6.Phishing attacks from “trusted third parties.” These attacks originated over the past several years and will continue, especially with the increased use of smart phones for mobile e-mail. The most common attacks come in the form of e-mails from recognizable companies, banks or organizations that tempt the reader to open a link. The attacks can come via office or personal e-mail. The most recent incident was the malware-infected holiday e-card purportedly sent from the White House. It’s reported that those who downloaded the links became infected with a Zeus Trojan variant that would steal passwords and documents. The hijacked information was uploaded to a server in Belarus. It has already stolen sensitive data from numerous people.
7.Online fraud and money mules. This is another side of phishing attacks and has become a bigger problem with increased unemployment and the unstable economy. The dramatic rise in phishing and identity theft attacks includes a well-organized offline component — the not-so-innocent “money mules” recruited by fraudsters to launder stolen money across the globe. The ads appear innocently on all the major employment listing sites, offering stay-at-home positions titled “financial rep” or “sales representative.” These, however, are active attempts to enlist people to transfer illegal funds from credit card thieves. Easy money-transfer sites like PayPal are targeted. The number of money mule sites is increasing exponentially each year.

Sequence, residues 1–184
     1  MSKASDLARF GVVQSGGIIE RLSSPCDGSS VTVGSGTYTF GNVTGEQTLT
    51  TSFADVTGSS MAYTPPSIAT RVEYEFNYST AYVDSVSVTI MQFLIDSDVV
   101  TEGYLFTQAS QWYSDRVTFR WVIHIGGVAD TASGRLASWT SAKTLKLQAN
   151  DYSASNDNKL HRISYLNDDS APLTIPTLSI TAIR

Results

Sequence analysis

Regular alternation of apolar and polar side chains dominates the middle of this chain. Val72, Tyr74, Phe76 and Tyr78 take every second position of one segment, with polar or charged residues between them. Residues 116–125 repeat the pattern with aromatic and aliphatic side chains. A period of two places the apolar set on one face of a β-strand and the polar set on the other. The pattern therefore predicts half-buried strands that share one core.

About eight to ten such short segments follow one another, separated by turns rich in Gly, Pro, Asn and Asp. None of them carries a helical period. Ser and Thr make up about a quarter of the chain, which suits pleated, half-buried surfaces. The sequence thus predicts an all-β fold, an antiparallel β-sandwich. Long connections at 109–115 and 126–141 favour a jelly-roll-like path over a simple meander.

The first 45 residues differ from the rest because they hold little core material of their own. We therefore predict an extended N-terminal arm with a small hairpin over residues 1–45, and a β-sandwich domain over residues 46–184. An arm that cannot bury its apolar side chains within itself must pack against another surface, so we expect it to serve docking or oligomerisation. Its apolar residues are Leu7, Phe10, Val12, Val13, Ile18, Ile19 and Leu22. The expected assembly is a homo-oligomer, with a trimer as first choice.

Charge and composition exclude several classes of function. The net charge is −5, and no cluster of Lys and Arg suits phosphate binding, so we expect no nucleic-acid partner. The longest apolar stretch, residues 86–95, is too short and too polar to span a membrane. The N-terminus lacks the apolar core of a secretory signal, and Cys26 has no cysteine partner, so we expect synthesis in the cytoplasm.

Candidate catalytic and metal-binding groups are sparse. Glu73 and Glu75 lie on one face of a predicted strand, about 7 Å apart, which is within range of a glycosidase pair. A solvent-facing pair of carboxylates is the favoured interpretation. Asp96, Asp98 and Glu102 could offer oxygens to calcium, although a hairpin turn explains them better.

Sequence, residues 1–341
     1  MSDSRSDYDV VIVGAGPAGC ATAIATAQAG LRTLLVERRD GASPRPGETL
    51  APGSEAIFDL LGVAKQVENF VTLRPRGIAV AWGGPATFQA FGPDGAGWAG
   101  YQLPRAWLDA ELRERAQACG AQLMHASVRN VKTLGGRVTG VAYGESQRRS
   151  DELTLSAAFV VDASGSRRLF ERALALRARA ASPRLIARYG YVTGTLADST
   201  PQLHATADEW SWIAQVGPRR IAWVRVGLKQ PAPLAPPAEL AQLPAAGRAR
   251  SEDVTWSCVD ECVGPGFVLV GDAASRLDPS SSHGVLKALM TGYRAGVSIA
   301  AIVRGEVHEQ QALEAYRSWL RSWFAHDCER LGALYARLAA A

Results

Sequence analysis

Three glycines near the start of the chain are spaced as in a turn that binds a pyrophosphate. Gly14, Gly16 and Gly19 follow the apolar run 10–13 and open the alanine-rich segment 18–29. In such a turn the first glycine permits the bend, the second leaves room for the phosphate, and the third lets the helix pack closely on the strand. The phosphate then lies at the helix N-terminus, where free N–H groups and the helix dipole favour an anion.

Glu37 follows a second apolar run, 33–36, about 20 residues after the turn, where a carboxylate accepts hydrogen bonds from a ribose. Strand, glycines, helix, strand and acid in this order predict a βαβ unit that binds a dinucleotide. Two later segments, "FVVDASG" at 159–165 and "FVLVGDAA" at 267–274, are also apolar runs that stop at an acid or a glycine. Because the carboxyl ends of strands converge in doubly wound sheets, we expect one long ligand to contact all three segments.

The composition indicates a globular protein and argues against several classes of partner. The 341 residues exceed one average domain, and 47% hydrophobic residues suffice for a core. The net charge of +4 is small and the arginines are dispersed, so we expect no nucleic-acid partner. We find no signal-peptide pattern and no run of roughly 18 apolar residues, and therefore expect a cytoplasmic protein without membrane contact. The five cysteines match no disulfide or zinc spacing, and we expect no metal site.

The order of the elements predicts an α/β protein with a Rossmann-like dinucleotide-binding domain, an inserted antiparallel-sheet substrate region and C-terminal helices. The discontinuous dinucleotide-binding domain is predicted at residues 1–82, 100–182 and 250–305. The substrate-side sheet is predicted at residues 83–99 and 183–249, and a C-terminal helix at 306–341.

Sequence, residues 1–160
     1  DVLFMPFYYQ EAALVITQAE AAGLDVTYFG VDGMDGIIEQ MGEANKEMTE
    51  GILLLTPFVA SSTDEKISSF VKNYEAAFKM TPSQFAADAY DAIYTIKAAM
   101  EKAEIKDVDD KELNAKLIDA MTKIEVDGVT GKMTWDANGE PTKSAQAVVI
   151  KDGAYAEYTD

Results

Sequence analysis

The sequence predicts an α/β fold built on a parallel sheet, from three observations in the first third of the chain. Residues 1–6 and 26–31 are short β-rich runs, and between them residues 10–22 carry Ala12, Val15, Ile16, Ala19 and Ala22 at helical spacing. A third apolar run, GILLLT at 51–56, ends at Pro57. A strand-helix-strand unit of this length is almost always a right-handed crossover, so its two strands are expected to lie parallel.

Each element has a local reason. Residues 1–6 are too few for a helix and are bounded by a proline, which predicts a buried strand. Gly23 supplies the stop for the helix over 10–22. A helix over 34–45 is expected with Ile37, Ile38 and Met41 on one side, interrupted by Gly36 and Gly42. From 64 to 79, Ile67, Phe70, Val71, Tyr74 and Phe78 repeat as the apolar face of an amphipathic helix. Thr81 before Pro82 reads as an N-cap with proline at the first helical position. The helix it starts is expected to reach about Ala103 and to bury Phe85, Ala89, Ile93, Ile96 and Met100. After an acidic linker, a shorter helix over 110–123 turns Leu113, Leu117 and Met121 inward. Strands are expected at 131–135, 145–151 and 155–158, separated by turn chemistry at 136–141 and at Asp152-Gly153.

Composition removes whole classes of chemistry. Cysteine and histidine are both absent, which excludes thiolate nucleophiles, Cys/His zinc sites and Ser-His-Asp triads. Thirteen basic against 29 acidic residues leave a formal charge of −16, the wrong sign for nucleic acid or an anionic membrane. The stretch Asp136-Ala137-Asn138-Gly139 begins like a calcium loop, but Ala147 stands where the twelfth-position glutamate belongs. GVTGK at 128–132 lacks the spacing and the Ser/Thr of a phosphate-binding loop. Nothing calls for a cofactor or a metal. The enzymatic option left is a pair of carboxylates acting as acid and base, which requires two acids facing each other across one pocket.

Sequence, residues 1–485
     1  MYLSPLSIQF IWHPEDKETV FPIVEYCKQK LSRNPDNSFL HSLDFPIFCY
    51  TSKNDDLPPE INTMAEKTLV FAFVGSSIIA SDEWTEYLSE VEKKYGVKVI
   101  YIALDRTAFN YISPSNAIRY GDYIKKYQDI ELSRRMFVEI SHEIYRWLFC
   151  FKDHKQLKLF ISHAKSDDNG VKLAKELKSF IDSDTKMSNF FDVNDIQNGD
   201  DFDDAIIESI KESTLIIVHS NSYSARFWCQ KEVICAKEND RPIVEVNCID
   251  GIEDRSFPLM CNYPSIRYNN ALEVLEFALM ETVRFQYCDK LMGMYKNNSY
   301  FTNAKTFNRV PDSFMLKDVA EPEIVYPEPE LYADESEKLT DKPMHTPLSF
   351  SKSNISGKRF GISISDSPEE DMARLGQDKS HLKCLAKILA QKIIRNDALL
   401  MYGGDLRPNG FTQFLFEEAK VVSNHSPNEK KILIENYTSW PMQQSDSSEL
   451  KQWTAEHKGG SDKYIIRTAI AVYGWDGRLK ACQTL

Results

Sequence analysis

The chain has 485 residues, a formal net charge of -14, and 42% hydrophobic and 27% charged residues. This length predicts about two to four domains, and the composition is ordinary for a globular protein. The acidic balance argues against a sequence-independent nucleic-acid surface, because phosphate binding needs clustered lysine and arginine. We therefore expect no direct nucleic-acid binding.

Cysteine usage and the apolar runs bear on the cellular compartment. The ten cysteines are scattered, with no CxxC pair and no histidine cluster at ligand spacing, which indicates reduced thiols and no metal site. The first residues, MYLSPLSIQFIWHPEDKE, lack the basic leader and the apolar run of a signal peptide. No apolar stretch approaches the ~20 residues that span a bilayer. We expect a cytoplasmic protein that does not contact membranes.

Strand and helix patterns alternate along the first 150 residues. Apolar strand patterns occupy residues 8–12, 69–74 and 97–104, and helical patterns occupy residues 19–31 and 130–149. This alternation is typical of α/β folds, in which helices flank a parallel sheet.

8.Cloud computing concerns. As cloud computing becomes more of a reality for many companies, the opportunities to compromise data and cloud networks increase. Companies that adopt cloud-based services are made vulnerable as sensitive information (financial, employee, corporate and medical) travels to and from protected networks via a public pipe, creating many more opportunities for data infection or theft.
9.Data exfiltration and insider threats. No. 9 on our list is a bit tricky, as technology alone will not solve it. Unfortunately, untrustworthy people will always find a way to anonymously leak private (government, enterprise, etc.) information; hence, this trend will grow. Criminal elements or nations will try to entice employees to exfiltrate data and compromise company and government assets.
10.Mobile devices and wireless networks. The world has become increasingly mobile, as smart phone, iPad and other mobile device use spreads at an exponential pace. Mobile computing devices contain the same vulnerabilities as laptops and desktops, but they are also susceptible to DDoS attacks specifically designed for wireless devices. New custom financial applications like digital wallets and pocket ATMs are also particularly attractive to hackers. Moreover, wireless networks themselves put entire companies at risk, especially as the mobile workforce does not have the benefit of the secured corporate LAN. Cyber criminals may therefore intercept a company’s intellectual property via laptops and smartphones in the field that access unsecured wireless networks. Detecting cloned devices or unauthorized laptop tethering is important for providers in order to retain revenue sources.